Today the European Court of Justice — Europe’s highest court — invalidated the Safe Harbor agreement and framework that has permitted more than 4,000 companies to transfer personal data from the EU to the U.S. The decision can be found here. In light of this decision, U.S. companies that have been relying on the Safe Harbor framework should immediately take steps to (1) ensure and document their compliance with current safe harbor requirements and (2) implement an alternative method — likely a contractual arrangement — to lawfully permit the flow of personal data from the EU to the U.S.
What the Decision Means to Businesses
Until today, there were four methods for complying with EU data privacy laws for EU to U.S. data transfers:
- Consent of the individual
- The Safe Harbor framework
- Model contracts with standard contractual clauses
- Binding Corporate Rules
With the Safe Harbor invalidated and due to the complexities and lengthy time delays associated with relying on consent and Binding Corporate Rules, most U.S. companies will likely rely on putting model contracts with standard contractual clauses (model contracts) in place. The model contracts have been approved by the European Commission as providing adequate contractual protection to ensure the privacy rights of individuals are respected as required by EU privacy law. While the European Court of Justice’s ruling could be used by individuals to challenge the validity of transfers based on model contracts, for the time being at least, model contracts remain a viable method for complying with EU’s privacy laws.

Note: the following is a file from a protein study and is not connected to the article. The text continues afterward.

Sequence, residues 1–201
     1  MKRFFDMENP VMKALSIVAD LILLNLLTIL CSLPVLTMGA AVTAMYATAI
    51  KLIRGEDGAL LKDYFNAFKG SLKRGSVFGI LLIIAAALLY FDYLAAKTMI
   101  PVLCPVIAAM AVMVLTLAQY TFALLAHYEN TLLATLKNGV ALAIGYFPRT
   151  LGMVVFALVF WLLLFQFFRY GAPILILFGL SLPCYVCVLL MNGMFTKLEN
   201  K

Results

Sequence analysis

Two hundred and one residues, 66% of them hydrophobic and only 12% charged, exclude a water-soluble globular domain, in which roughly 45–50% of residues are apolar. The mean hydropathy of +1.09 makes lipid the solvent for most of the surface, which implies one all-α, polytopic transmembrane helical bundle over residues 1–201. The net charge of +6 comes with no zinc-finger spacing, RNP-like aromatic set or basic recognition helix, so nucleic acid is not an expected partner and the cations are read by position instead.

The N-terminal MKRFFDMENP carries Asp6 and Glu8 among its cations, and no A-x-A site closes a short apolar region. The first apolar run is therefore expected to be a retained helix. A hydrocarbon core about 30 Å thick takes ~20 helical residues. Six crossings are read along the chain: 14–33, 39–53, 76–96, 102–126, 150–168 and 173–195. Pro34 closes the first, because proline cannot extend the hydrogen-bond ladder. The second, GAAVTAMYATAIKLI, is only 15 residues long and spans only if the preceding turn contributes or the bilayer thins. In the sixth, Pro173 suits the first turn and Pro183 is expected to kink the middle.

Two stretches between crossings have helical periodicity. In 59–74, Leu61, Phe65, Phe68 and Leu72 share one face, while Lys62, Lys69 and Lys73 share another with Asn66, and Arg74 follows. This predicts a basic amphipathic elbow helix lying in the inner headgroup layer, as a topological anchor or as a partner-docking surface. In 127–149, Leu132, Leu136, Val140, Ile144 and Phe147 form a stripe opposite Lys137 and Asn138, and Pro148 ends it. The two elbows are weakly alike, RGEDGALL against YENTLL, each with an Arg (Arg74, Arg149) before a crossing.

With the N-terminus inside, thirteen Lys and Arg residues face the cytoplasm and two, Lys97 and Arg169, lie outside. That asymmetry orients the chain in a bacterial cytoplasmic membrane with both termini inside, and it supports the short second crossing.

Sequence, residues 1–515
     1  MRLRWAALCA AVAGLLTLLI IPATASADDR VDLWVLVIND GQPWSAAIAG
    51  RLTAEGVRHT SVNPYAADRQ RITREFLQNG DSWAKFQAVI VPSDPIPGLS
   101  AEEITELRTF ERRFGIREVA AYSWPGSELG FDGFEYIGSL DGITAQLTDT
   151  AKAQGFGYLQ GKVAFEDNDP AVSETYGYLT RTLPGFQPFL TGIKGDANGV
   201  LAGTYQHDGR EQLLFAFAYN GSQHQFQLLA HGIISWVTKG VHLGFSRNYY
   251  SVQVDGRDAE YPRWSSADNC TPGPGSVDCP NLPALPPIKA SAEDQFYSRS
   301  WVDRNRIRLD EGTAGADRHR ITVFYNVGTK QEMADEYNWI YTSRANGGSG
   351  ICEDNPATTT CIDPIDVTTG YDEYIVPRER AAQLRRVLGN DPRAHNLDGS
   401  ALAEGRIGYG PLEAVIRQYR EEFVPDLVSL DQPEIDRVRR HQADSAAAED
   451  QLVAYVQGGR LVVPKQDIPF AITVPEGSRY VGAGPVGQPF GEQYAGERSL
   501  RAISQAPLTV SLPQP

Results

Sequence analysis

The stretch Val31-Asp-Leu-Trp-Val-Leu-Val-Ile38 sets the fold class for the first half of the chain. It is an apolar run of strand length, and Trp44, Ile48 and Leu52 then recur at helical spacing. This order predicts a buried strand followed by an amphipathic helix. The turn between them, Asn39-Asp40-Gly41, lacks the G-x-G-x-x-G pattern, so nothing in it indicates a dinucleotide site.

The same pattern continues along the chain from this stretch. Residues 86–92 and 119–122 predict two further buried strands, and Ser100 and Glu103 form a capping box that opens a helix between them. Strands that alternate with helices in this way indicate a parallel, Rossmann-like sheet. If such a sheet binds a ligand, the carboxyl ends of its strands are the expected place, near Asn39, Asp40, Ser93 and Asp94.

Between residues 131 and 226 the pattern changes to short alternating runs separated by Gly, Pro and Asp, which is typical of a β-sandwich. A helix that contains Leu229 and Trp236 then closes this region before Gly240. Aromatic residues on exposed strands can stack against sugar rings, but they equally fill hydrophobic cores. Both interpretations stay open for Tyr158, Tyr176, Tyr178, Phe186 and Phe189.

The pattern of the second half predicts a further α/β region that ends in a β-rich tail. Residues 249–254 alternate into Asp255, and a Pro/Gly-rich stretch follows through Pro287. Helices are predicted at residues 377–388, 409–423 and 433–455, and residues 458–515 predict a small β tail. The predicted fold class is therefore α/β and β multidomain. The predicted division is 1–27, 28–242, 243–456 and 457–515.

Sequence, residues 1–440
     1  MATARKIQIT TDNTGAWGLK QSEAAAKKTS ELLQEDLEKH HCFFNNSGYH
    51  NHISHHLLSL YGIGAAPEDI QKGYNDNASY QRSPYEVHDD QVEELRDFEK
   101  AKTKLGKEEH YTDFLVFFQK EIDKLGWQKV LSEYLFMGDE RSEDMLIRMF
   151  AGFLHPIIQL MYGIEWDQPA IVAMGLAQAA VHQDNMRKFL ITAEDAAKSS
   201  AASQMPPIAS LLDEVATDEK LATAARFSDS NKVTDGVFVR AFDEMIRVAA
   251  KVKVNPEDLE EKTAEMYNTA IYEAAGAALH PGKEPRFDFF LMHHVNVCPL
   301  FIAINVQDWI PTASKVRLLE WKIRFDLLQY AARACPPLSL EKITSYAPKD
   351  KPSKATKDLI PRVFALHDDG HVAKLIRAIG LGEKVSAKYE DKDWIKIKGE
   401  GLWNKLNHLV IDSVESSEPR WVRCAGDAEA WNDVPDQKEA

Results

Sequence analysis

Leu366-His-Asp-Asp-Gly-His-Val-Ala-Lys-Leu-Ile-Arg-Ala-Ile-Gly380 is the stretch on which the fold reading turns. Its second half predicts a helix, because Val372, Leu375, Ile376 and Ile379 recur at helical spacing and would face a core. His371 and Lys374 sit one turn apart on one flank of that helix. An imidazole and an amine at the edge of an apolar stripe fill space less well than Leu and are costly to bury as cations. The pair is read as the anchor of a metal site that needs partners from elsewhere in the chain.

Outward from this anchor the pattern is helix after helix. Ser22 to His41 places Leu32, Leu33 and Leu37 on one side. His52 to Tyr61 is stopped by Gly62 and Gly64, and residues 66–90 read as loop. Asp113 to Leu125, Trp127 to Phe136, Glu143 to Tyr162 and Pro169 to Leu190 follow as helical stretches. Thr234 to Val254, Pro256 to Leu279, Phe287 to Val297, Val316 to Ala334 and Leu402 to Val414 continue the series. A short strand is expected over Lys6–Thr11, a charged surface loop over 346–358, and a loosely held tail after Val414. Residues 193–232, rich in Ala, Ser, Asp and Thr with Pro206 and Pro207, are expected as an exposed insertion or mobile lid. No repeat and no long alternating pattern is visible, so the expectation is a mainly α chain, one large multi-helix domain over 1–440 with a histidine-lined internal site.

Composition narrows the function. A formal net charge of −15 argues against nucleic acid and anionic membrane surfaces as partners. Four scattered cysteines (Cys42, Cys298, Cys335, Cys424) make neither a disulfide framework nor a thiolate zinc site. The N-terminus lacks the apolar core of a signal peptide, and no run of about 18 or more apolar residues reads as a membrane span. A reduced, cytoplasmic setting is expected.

Obtaining consent from individuals can raise complex issues of the enforceability of informed and voluntary consent, and is generally not effective for obtaining consent of employees. Binding Corporate Rules allow multinational corporations to make transfers among the corporate family across international borders, and are required to be approved by the applicable data protection authorities. Implementing and obtaining governmental approval of Binding Corporate Rules is typically expensive and time-consuming. Accordingly, it would be prudent for U.S. companies to act as soon as possible to work with EU companies — whether affiliated or non-affiliated — that send personal information to the U.S. to get the contractual protections under the model contracts in place.
If an agreement (e.g., a services or sales agreement) currently exists between the U.S. entity receiving personal information and the EU organization sending personal information, the model contract clauses can be added as an amendment to the existing agreement. If the parties do not have an agreement in place where an amendment of this type would be suitable, then the parties can enter into an agreement mirroring the language of the model contract, adding information specific to the relationship and data transfer as called for in the model contract.
Companies should also closely watch continuing developments in the EU and statements coming from the European Commission. The EU and the U.S. are currently in negotiations to modify the Safe Harbor agreement. Additionally, we expect the Commission to issue guidance in the coming days or weeks with respect to EU to U.S. transfers of personal data in light of the ECJ’s decision.
More Information About the Decision